Last edited by jim lyon; 08-09-2014 at 08:30 AM. Reason: no longer relevant
We run a very busy grain, cattle and honey farm. When the times are right, we always sit down for that important cup of coffee... when the times are not right, we respectfully communicate that and carry on with our business.
If you want to be seen as someone who is substantial, then making time for that chat is priceless.
Some of my best memories of time past has come from neighbours stopping on the road during harvest to chat... stopping by our cattle barn during calving for coffee, and stopping by the honey house during extraction. The point is, work is work is work is work. Settle down a bit, enjoy it
Ian Steppler >> Canadian Beekeeper's Blog
Hope you can find a workable solution, Jim, so you can enjoy your work and remain approachable.
Jim, even with all of my wonderful recommendations that I gave earlier, I'll have to say that you do whatever is comfortable for *you* and that makes *you* happy. Sure, in this society we're living in today the threat of liability lawsuits are ever present, but we can't live our lives always looking over our shoulder to see if the other "boot" is about to drop...if were always looking over our shoulder we might one day step off a cliff. Years ago while down in France's wine district the guy showing us around explained to us that they have a philosophy..."We work to live, we don't live to work.". I've got issues with some of the French "thoughts" but I've mulled over that statement a lot of times and think it has a good bit of wisdom in it. We've only one life to use while here on earth. I don't think there is really a "right" or "wrong" course of action to what you are asking about. At the end of the day when I lay my weary body down, what I did during the day that gives me peace and that makes me smile in humble retrospect seems like the important things to me.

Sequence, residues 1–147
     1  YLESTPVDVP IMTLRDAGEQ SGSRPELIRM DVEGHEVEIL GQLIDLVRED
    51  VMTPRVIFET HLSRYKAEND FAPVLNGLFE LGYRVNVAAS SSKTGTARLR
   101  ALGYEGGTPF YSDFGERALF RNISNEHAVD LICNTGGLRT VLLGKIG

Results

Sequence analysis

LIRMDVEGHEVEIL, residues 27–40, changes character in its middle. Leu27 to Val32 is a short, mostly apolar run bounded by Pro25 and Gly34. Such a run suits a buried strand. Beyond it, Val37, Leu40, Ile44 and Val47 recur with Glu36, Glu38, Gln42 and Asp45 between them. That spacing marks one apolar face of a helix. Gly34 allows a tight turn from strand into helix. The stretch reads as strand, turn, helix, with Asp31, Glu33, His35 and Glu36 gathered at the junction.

There's more to life than bean-counting, but bean soup is good...but it's a lot better when you have a smile on your face when you're eating it.
My previous post was actually made in error. I Forgot I was reading the commercial forum. I read this forum, but don't post here. Sorry.
My situation is much different than the OP's. I'm not commercial.
Lauri - if you spoke the truth, there is no need to apologize to me.
Not sure why you have particulars about posting in the commercial side. There are many aspects of commercial beekeeping. You don't need 1000 hives to post here if that's whats holding you back.
Ever soul who follows what you post on Beesource can easily gather you are already in the commercial side of this gig albeit on the smaller side. From what I gather you either have a Masters in Marketing already or ought to be given a honorary Doctorate in the subject at BEE-U.
I'm workin' on it.
Personally, I won't let people in during extraction simply for sanitary reasons. I have a kitchen operation.
Pleasant words are a honeycomb, sweet to the soul and healing to the bones. Prvb 16:24
March 2010; +/- 50 hives, TF
Bevy, my wife really enjoyed visiting with a fellow beekeeper. My extracting room is pretty tight, not really room for anyone else in there. Its just a one man band. Also every time the door opens ,3 bees fly in.
If I had to do it over again, I still wouldn't keep the public away. Its been wonderful meeting interesting people from all over the world. So ring the bell, and we will pop up!